Thursday, September 17, 2009


One of this year's highlights will always be a family reunion in July.

Nothing says summer like a reunion, with fresh Iowa corn-on-the-cob and shared stories that seem to grow funnier with time. We laughed, we ate, laughed some more, then would grow quiet for a moment before someone would say....'remember'....and off we'd go again. Part of the beauty, too, was the fact that the stories and memories were just as precious to the extraordinary women who'd married into our family than it was to the three of us who grew up with them. We love these women fiercely for this.
There was only one thing wrong with our reunion. We were missing a generation. My parents, who would have been the grandparents of six and great-grandparents of seven, had died of cancer by the time they were 60. My father died at 52; mother at 59. Yes, their lifestyle was outrageously bad. Horrendous, possibly. They were also part of their time, and truly, their combined genetic history was flawed.

Nothing brought this home faster than a visit from two of my mother's best friends (pictured above) Sitting with both of these articulate, gracious stateswomen (how many 80- year-olds do you know who can talk to you eloquently about 'The Laramie Project'?) and watching as they recalled what it was like to lose their friends-- my parents-- illuminated yet another shade of loss. For Lenora and Sonny -- the death of my mother was the loss of a friend; the end of an era.

My two brothers, sister, and myself are now walking a trajectory. We have arrived at and are passing by the age our parents were when they died. We have families, life-long friendships. Three of us are already SURVIVORS -- not victims -- of cancer, evidence to advancing science. To this day we have not left a path of early, unexpected loss in our wake. We are all healthy, strong, engaged, vital, loving adults with families and friends who depend on us, causes we believe in.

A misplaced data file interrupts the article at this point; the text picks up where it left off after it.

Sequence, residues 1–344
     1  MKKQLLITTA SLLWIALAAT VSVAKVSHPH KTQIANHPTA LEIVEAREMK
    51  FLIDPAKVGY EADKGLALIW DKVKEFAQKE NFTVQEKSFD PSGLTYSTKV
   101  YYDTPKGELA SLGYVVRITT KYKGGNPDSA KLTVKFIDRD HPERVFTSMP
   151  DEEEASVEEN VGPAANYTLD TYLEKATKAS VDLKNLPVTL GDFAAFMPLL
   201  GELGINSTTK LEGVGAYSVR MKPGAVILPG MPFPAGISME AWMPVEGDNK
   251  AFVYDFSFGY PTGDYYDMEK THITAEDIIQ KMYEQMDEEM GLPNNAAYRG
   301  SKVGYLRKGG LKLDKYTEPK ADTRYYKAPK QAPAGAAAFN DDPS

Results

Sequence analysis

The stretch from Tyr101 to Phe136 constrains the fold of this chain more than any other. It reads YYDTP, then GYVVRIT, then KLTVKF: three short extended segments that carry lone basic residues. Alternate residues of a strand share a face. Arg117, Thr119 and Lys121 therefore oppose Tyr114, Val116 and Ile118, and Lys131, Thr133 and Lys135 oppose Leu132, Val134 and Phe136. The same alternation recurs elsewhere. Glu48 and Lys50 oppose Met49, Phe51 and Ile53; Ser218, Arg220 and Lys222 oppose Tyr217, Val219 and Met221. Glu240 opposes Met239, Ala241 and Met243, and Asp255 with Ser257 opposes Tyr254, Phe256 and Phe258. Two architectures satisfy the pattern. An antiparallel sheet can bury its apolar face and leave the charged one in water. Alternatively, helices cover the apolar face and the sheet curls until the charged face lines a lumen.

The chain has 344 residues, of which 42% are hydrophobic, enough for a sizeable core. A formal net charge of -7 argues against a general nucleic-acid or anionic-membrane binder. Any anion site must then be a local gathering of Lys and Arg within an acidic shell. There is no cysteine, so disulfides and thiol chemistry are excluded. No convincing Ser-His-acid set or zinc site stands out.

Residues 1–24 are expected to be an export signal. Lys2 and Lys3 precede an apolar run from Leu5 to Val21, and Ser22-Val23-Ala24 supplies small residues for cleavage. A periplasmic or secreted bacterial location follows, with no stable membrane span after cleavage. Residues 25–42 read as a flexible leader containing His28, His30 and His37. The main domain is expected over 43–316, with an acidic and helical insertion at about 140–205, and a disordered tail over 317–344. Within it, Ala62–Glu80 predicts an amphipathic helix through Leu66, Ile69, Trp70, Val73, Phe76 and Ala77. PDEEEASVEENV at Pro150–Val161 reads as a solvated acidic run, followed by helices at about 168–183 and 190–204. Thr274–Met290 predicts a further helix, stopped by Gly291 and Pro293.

My cause is the awareness of and the fight against cancer. Not just for my family, but for yours, too. The generations have a season, and an order, and a rhythm. To lose a generation drastically upsets the natural order. With God's gracious mercy it takes time, and strength, to adjust. We share this era together. Your family is mine. We share this illness. Let's eliminate it, together. For once, and for all.
You can support my ride in the Live Strong Foundation;'s Austin Challenge. Go to:


Debbie said...

Beautifully written, thanks for sharing!

Annemieke said...

Dear Jody, you just brought tears to my eyes with this beautiful, well written blog! I totally understand what you mean when you talk about missing an entire generation. Looking back your mom and dad probably did things that we now know are bad for your health but they didn't know back then. And as in my family, the genetic make up played an important role as well. I lost too many family members to this disease and that is why I joined the LSA to support the awesome job they do. And as you have experienced longer as I have, in doing so I found a second family (on Twitter as well) that believes in the same things we do: that we have to put an end to this disease so no-one has to go through another reunion missing an entire generation. I will be cheering you on as you participate in the LSC, as addition to all the other great things you do. Thanks for sharing this with us! You're an awesome friend! Big hug, Annemieke

Jody said...

You both are awesome. Sometimes I discover things writing that I might not have realized otherwise. I do so appreciate your time and comment.

Anonymous said...

Powerful Jody! You brought the setting to life beautifully in the begining and then moved on to the poignancy of the reality of your family history. Incredibly moving.